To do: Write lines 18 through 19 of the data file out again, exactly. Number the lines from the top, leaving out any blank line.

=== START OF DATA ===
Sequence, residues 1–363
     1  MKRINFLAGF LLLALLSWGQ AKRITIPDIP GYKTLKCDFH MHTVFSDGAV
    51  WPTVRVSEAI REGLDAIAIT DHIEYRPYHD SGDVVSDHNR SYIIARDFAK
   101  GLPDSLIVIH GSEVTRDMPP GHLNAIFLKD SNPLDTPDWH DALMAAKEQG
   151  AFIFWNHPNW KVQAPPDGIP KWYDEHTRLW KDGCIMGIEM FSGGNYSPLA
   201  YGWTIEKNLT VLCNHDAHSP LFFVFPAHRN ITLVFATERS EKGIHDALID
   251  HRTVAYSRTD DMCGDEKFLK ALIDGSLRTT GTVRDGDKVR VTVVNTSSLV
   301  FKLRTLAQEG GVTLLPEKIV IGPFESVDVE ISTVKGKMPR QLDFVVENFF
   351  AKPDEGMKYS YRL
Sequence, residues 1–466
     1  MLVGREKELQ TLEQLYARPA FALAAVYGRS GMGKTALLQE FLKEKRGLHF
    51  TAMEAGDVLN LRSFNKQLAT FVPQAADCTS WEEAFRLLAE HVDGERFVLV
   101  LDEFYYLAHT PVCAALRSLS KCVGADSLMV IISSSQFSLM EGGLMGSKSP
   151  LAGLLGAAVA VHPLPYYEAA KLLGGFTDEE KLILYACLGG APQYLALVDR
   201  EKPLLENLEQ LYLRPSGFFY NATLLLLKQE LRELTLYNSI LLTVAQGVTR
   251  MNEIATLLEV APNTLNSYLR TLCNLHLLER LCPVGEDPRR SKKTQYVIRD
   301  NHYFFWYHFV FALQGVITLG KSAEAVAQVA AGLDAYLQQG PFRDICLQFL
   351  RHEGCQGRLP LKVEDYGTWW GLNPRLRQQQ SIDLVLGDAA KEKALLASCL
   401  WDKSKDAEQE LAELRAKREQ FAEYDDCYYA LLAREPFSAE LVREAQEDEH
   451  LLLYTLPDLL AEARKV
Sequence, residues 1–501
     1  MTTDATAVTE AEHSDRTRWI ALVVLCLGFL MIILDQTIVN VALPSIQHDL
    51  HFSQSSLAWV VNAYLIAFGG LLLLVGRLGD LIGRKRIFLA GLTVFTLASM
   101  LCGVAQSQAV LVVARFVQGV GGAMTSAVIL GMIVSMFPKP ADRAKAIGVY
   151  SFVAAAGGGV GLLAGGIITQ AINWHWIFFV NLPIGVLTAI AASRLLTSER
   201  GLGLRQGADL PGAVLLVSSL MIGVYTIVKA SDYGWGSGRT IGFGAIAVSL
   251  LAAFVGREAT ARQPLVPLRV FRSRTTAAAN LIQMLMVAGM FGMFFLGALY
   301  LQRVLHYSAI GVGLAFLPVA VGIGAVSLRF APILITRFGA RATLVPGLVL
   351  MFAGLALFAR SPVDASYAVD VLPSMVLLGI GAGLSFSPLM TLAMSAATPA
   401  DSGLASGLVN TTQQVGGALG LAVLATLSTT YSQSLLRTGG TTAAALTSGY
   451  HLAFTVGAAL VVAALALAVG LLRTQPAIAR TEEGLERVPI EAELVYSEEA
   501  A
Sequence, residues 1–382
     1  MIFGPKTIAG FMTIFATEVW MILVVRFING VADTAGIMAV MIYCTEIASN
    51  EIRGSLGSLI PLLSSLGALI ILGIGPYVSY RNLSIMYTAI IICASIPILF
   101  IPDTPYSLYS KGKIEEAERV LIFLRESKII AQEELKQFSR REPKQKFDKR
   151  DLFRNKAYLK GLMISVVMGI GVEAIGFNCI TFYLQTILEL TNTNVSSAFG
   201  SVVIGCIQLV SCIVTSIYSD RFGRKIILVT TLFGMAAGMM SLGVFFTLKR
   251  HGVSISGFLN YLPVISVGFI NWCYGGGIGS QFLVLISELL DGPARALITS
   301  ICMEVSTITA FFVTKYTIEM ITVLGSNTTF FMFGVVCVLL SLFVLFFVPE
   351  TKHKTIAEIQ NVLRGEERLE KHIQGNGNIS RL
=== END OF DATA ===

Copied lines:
   351  RHEGCQGRLP LKVEDYGTWW GLNPRLRQQQ SIDLVLGDAA KEKALLASCL
   401  WDKSKDAEQE LAELRAKREQ FAEYDDCYYA LLAREPFSAE LVREAQEDEH